Looting Versailles

Looting Versailles
My first book of poems, just released by Alabaster Leaves Publishing

Wednesday, July 27, 2016

The Meeting of Great Poets and a Novel Form

Recently I revisited - for pleasure - Theodore Roethke's "The Waking." It dawned on me that a remarkable number of great, mid-century (20th) poets writing in English have poems that are highly anthologized and, relative to the rest of their oeuvres, relatively simple. The examples that came to mind did so for two reasons: 1) the poets were writing at a similar time period to Roethke, 2) the poets were writing a villanelle, a form imported to English from the French and becoming relatively popular at the time.

The examples that came to mind ought to be familiar to anyone beyond new to poetry; and to anyone new to poetry, they ought to be read (which will make them instantly familiar):

1) Elizabeth Bishop, "One Art"
2) W.H. Auden, "Time Will Say I Told You So"
3) Dylan Thomas, "Do not go gentle into that good night..."

Another poet and poem that came to mind was Robert Frost's "Stopping by Woods on a Snowy Evening." I'll get back to this point.

Thomas, despite the appeal of his allegedly drunken, raucous readings, is actually a poet's poet - highly figurative and not afraid to write beautifully and forget about cogency or coherence. See those sonnets about the owl for what I mean.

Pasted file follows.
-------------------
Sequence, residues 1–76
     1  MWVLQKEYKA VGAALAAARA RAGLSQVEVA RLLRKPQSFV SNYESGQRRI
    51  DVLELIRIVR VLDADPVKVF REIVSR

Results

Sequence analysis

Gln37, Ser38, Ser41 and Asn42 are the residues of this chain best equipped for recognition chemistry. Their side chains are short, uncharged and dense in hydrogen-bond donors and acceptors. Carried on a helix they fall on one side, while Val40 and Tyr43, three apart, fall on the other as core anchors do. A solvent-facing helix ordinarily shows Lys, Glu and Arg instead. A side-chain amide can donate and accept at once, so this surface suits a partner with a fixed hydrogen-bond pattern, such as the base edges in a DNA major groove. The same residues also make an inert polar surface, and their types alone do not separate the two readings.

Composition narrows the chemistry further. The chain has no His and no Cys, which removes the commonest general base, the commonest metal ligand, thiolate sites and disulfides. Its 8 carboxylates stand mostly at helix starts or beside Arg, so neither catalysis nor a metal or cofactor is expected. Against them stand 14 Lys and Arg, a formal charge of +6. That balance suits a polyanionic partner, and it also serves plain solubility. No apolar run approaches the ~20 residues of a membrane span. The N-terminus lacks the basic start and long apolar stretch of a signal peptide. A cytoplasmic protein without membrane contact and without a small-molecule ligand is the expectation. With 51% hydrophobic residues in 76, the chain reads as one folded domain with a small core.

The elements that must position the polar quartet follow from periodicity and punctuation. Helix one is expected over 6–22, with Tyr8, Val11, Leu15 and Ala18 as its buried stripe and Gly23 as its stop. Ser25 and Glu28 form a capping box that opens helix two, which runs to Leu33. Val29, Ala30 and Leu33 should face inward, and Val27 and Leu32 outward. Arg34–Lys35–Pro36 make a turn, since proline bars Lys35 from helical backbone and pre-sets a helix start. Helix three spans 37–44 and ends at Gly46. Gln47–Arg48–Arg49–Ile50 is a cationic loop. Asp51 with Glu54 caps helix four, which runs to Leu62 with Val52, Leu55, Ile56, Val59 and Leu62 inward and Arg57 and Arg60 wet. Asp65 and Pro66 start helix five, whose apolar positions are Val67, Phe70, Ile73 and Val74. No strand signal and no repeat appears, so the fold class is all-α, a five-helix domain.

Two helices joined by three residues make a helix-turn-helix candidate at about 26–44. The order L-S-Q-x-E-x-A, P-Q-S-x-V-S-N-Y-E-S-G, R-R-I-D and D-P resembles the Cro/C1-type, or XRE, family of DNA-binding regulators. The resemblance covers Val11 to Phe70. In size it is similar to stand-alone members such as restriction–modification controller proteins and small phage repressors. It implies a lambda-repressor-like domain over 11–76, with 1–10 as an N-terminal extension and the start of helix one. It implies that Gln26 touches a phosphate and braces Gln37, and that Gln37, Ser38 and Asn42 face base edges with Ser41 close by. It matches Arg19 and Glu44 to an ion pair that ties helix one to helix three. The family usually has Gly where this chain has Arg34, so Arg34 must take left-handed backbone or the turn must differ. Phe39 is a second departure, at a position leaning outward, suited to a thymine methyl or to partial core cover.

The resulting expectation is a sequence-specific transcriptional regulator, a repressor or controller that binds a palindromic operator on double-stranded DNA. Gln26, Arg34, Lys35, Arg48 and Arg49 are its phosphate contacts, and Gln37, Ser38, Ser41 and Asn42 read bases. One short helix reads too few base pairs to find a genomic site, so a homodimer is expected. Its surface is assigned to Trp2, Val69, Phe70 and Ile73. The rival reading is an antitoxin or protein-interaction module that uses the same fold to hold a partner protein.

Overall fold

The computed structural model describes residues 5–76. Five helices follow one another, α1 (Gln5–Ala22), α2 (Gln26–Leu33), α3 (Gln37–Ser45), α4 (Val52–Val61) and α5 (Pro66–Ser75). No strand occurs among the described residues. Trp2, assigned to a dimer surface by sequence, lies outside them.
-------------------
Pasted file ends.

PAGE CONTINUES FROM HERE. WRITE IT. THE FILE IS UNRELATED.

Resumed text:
Bishop is stately and intelligent, literary to the Nth degree; so is Auden. Also, Bishop and Auden wrote many poems far superior with regards to beauty and complexity, bravado and originality, than the examples above. Though for both, these rank highly.

Here's why I think the poems above were written: These highly talented poets were approaching a novel form (to my knowledge) and so by virtue of that, they were taking a poetic risk. Therefore, to prevent further risk, they chose "safe" themes and stuck to simple rhymes and diction.

Bishop: the art of loss -- great paradox built on simple diction, relatively simple rhyme, and the bittersweet subject of loss.

Auden - the bittersweet subject of loss via time passing. Classic...

Thomas - the heroism of facing death bravely, the bittersweet triumph that cannot (write it!) be.